Transrent collapse 'caused by low rates'
Former Transrent chief Tom Hart says the collapse of his trailer rental and financial services group was sparked by low rental rates "killing the industry" and a failure to secure new funding.
Administrators from Deloitte, appointed on January 11 for the Transrent group of companies, revealed the Stafford-based firm owed around £65m - more than double the group's annual turnover figure - to 30 finance companies and two private equity firms. All sites have been closed, Deloitte says.
Most of the company's 70 staff have been made redundant although Motor Transport has learned that a number of senior Transrent sales and operational managers moved to former rival TIP at the beginning of this week.
Before Christmas Hart was optimistic about securing an acceptable refinancing package. He now tells MT that, although Transrent's financial backers had agreed to reduce the debt by a "substantial amount", the company's attempts to secure new forms of funding ultimately failed at the beginning of this year.
Hart says the trailer rental market in 2006 was tough due to a price war on rates - an issue that he had raised several times. "Low rates are killing the industry and trailer rental firms cannot make a profit," says Hart. Ironically, he says there were signs of rates improvement at the end of 2006.
Administrator Nick Edwards also blamed Transrent's demise on cut-throat price competition and an inability to restructure financially.
"Trading conditions in the industry have been difficult for some time and the group, whilst maintaining fleet utilisation, has suffered from falling rental rates. The group has been working to restructure its finances for some time, but unfortunately was unable to secure an acceptable refinancing," he says.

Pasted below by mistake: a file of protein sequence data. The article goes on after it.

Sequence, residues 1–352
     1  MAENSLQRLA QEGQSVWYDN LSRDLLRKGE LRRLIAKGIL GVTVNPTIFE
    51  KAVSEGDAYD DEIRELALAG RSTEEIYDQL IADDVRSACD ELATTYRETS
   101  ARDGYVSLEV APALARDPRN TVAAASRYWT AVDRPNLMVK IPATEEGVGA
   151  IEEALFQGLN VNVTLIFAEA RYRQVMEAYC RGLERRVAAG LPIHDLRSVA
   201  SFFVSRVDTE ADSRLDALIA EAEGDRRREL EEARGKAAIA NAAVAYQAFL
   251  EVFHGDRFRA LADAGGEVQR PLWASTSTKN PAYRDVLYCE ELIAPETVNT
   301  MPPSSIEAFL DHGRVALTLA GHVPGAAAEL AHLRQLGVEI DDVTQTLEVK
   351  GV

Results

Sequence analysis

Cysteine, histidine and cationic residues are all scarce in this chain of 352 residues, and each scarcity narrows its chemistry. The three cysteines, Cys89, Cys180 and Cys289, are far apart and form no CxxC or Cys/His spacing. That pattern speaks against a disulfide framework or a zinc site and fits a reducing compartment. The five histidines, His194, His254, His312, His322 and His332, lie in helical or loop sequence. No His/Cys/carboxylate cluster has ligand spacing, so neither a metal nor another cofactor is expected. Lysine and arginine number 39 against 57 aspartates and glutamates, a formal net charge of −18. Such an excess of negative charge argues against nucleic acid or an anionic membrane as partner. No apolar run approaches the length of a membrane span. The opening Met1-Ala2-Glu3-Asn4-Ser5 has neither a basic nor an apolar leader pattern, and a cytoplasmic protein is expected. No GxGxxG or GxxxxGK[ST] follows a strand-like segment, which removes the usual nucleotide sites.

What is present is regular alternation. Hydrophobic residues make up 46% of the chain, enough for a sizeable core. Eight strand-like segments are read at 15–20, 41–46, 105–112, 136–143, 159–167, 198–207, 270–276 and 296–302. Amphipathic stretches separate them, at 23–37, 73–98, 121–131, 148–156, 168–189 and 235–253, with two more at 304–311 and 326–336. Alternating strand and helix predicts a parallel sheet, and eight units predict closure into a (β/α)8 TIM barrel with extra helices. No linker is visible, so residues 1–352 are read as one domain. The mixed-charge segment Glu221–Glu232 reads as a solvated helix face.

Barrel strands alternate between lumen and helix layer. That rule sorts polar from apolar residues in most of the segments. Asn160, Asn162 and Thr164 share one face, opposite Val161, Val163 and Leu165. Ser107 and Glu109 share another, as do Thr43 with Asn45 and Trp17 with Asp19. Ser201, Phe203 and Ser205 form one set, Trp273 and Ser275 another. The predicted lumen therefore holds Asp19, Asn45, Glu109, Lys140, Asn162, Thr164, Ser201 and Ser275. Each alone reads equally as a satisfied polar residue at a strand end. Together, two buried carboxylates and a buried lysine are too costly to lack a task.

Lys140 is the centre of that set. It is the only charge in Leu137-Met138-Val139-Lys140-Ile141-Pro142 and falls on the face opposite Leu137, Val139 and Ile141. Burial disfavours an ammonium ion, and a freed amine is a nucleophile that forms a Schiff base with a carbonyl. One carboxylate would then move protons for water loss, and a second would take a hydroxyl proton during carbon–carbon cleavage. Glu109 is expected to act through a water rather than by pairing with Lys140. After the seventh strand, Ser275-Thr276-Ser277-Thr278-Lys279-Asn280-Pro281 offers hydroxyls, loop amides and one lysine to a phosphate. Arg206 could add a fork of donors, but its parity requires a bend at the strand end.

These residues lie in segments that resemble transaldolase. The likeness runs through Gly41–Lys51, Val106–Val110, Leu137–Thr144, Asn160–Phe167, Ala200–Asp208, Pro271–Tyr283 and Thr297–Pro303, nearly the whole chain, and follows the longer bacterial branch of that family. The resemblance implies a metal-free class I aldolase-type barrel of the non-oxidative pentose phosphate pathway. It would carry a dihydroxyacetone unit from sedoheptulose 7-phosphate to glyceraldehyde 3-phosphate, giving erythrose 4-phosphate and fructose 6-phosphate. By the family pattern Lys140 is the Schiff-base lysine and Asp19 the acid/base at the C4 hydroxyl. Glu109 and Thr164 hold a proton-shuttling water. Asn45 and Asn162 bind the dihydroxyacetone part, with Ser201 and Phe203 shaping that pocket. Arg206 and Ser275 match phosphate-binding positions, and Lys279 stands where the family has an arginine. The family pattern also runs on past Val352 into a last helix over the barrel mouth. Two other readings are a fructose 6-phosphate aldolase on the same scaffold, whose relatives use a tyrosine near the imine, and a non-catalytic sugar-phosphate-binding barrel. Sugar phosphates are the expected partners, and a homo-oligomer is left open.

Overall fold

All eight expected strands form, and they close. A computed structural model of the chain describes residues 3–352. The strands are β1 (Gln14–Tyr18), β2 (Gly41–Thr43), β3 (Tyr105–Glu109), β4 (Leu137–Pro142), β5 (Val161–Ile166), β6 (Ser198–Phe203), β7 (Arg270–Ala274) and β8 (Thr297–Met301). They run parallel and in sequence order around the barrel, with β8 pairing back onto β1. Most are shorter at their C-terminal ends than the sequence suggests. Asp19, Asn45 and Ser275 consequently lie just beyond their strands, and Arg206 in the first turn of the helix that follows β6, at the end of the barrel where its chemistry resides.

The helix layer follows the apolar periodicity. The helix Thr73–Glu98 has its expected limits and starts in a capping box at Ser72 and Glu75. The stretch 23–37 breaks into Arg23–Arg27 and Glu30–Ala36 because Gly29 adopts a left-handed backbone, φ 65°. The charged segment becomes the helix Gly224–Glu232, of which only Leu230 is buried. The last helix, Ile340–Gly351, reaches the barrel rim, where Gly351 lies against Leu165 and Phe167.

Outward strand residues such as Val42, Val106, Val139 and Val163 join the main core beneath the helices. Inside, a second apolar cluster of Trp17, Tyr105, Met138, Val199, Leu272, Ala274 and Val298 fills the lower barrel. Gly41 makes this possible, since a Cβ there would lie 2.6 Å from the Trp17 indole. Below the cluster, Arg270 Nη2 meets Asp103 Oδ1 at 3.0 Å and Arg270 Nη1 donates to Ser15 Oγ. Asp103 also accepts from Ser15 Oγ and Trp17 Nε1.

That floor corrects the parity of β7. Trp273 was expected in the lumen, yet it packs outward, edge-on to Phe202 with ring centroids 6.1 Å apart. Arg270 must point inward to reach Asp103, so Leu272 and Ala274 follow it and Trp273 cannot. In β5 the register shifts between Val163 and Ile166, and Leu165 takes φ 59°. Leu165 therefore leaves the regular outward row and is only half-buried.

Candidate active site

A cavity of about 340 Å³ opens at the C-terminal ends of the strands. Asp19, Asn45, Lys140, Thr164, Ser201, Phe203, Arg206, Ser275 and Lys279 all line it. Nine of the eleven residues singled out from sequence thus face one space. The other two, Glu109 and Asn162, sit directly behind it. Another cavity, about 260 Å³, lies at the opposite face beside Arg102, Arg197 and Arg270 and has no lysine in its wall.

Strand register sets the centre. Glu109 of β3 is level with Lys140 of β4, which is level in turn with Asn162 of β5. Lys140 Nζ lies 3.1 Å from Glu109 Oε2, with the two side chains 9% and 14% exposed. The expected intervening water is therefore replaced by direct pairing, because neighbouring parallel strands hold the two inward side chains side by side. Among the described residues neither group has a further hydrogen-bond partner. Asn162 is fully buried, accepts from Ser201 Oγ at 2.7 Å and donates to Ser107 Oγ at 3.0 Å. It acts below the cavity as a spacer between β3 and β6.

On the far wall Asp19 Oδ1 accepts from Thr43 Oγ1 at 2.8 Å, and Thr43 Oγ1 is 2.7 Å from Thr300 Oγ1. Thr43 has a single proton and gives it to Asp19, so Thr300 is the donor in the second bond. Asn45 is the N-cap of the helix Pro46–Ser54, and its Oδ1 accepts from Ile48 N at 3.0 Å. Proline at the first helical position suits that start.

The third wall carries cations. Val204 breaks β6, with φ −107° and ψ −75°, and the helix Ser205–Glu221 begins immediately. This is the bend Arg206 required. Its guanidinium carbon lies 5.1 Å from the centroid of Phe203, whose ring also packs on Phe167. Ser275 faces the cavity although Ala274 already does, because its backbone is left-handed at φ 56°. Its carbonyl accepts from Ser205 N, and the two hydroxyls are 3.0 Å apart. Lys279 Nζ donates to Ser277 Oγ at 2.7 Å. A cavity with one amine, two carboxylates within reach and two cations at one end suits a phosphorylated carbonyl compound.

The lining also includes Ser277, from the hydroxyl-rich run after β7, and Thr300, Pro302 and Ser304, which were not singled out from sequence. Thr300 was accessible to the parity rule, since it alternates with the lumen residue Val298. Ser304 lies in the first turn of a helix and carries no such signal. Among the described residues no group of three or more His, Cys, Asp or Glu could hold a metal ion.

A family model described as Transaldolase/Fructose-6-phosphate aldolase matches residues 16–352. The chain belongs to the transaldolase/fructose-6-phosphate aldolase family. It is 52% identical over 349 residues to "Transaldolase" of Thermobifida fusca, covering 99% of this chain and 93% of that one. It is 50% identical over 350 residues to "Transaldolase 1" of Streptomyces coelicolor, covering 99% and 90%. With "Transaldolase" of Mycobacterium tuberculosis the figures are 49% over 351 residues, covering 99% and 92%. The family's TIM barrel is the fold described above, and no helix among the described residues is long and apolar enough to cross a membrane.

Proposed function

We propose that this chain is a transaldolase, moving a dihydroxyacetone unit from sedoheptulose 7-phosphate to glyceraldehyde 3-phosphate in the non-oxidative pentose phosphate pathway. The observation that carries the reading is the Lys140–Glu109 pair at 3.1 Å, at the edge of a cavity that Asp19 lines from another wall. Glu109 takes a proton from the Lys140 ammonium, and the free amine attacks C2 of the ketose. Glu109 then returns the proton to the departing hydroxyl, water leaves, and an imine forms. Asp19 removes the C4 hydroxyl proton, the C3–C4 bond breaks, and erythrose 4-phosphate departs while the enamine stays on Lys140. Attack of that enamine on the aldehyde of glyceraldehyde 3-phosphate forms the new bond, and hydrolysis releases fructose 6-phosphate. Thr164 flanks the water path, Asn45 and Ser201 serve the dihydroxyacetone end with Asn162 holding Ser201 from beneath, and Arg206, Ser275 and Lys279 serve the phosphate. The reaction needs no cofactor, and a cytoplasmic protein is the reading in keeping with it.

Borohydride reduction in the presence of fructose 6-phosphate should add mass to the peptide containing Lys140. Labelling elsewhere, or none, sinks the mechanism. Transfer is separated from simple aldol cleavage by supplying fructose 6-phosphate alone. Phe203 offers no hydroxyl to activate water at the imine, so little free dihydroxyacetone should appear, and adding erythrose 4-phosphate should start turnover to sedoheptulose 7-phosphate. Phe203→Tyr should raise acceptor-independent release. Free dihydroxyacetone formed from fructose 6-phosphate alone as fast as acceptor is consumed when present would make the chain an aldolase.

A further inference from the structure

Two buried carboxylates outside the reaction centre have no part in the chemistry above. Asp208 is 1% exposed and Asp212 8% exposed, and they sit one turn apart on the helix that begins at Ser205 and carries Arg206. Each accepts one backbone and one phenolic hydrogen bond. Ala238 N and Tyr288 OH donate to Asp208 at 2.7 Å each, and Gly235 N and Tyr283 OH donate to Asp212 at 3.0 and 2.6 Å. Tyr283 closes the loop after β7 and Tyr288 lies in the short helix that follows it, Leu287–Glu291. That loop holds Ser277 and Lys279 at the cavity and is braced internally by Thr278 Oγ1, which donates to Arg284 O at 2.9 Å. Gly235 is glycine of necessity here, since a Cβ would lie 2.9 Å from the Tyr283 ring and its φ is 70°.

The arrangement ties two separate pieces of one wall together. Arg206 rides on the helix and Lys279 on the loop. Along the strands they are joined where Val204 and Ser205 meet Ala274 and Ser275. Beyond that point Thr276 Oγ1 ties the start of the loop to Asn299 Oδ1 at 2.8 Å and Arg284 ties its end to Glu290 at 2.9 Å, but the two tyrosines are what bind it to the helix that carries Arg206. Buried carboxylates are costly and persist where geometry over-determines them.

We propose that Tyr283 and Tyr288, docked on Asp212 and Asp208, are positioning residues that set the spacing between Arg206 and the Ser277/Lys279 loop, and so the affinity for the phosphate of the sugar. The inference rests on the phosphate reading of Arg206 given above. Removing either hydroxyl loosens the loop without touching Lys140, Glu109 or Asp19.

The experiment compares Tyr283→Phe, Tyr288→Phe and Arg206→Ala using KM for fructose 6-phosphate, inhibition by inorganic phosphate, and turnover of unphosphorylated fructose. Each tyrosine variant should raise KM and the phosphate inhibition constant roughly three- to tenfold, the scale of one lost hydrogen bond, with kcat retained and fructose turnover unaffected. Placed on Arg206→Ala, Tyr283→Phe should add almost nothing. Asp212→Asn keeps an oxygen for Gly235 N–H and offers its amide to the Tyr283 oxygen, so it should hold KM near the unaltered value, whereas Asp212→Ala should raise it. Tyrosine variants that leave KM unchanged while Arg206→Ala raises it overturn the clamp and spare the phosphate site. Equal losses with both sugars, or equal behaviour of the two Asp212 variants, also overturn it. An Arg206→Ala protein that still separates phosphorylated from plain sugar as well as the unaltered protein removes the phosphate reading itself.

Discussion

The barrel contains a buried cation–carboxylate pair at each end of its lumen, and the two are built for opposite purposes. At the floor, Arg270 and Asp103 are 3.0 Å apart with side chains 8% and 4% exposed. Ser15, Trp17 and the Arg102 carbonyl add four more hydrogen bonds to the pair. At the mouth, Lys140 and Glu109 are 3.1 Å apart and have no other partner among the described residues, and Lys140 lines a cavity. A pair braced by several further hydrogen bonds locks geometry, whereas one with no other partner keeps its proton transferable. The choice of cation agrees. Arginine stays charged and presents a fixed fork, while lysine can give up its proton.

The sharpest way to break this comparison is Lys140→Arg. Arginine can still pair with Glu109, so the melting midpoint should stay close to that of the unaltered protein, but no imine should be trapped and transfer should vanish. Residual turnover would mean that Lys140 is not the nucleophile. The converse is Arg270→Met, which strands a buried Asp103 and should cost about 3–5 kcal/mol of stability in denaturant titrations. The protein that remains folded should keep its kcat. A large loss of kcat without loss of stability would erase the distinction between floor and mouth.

The Transrent group of companies includes Transrent Holdings, Transrent Trailer Rental and United Transport Finance.
Licence suspended after series of offences
A Wolverhampton haulier's licence has been suspended for a week and he has been told to sack his transport manager after admitting a series of vehicle offences.
Terry Northwood of Featherstone, who runs Terry Northwood Transport, was brought before West Midlands Deputy Traffic Commissioner Tim Hayden after admitting more than a dozen offences of driving without sufficient rest, using tachograph charts for longer than allowed, failing to keep driving records and speeding.
VOSA inspector Helen Key told the Deputy TC that the offences had been committed over a four-month period, some of them while Northwood was driving abroad.
Hayden said his concern about Northwood's failure to take sufficient rest was tempered by Key's belief that no commercial gain was intended.
He said he was not satisfied with the evidence of Northwood's transport manager, Peter Blackburn, and ordered that he should be replaced within three months.